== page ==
After just a month and a half, Orbotix's education initiative using Sphero to teach children programming is gathering serious momentum.
The creator of smartphone-controlled robotic toy Sphero has launched an initiative aimed at teaching kids programming, robotics and maths.
The State Government of Adelaide, Australia, has asked young Minecraft players to design their perfect park in-game.
Orbotix co-founder Ian Bernstein shows Macrolab, an app that's part of the SPRK program to teach kids programming using the Sphero robotic ball.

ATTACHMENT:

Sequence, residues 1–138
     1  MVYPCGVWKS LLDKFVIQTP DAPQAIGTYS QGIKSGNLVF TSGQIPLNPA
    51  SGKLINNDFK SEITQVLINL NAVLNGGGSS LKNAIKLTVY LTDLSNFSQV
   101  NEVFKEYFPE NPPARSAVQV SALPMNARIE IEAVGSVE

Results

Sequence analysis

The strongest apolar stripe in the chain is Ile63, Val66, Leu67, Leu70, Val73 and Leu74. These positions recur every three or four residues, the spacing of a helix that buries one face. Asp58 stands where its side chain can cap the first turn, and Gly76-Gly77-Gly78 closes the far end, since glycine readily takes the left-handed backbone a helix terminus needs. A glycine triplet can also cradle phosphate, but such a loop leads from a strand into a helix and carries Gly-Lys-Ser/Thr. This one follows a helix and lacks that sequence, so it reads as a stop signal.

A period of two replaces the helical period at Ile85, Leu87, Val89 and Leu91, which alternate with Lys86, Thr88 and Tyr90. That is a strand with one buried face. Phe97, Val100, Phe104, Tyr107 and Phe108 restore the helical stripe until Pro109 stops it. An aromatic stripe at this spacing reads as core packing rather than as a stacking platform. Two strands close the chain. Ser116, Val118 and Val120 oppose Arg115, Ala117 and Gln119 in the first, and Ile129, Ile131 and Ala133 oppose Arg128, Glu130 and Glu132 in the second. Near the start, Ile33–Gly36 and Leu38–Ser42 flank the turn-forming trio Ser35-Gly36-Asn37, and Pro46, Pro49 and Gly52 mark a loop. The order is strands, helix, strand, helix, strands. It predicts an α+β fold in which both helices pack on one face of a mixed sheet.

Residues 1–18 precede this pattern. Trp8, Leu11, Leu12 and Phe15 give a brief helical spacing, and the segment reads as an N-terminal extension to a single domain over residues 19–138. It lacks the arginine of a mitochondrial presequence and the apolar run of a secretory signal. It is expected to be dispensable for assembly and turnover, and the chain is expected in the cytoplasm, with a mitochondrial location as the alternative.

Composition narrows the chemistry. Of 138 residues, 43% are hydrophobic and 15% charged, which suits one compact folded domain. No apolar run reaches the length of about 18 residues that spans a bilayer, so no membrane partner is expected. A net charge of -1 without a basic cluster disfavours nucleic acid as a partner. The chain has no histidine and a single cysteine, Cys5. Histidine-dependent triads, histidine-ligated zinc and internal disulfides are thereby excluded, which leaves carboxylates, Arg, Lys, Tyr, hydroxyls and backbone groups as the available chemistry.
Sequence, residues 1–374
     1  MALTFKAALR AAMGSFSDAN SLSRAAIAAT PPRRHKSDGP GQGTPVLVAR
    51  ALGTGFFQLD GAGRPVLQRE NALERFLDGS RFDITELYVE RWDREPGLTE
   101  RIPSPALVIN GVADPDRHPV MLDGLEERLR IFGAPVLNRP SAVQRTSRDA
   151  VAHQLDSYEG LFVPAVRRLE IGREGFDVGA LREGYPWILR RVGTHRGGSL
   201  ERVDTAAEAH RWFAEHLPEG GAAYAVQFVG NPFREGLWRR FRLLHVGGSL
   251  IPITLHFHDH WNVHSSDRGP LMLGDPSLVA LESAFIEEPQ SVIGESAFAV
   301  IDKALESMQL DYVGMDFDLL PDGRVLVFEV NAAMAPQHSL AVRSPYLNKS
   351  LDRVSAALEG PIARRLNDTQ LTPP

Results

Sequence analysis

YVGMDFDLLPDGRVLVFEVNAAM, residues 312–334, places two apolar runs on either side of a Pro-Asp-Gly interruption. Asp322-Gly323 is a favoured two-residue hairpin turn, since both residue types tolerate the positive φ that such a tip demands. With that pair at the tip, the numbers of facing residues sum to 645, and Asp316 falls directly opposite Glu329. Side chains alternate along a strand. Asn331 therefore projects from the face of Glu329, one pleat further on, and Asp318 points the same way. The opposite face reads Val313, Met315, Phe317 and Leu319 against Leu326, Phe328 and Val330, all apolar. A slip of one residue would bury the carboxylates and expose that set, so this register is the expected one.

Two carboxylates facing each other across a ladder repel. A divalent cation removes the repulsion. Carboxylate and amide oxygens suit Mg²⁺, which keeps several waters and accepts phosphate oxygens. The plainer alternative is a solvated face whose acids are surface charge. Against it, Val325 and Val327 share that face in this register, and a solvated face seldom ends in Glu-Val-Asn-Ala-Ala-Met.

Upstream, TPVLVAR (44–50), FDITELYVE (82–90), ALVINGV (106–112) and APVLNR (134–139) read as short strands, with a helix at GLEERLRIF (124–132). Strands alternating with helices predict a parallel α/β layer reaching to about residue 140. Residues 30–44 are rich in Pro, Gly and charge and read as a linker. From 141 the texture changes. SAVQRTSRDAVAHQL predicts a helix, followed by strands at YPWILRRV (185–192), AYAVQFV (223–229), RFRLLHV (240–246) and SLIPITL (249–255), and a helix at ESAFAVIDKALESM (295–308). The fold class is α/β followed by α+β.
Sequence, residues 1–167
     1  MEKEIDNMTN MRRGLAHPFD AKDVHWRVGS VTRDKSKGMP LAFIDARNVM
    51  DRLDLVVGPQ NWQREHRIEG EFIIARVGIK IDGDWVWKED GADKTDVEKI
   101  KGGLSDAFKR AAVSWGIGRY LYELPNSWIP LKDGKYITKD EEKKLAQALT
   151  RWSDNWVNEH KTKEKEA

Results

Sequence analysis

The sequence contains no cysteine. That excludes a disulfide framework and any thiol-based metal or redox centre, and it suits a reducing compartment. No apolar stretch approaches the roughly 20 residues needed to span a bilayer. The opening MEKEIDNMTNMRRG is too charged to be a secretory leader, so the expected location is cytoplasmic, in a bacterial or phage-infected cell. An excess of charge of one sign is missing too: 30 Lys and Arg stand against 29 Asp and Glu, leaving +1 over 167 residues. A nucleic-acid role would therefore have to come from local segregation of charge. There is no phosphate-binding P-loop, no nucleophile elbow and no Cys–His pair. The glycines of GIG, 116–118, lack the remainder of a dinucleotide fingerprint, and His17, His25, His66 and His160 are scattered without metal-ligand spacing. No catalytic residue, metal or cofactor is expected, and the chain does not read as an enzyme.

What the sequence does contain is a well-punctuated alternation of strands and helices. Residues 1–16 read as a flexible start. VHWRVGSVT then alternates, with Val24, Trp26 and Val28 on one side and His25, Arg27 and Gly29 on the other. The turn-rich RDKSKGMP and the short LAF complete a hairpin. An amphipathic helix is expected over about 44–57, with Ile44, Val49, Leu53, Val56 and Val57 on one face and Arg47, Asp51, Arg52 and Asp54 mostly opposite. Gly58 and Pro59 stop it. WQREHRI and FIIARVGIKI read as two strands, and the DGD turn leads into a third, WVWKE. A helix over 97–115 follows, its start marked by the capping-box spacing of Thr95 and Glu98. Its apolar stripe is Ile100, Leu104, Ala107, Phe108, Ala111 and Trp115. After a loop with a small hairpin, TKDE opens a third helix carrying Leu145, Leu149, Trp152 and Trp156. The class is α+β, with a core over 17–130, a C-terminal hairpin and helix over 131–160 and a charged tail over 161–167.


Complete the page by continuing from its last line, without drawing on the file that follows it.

The Sphero robotic toy controlled via Bluetooth is now available for Windows 8 devices, as well as the previous apps for iOS and Android.
Originally $129.99, the Sphero is an RC toy like no other.
We get our mitts on Orbotix' Sphero 2B -- a follow-up to the Sphero phone-controlled robot toy. See how it handles in our First Look video.
The first time around Sphero was a fun idea with not much meat on the bone. With Sphero 2.0 there is so much fun and even more potential it's a killer idea for Christmas.
The team behind the playful robotic ball showed off Sphero in forthcoming augmented reality games.
Marketers in New York tried to demonstrate how much fun it is to play with multiple programmable balls.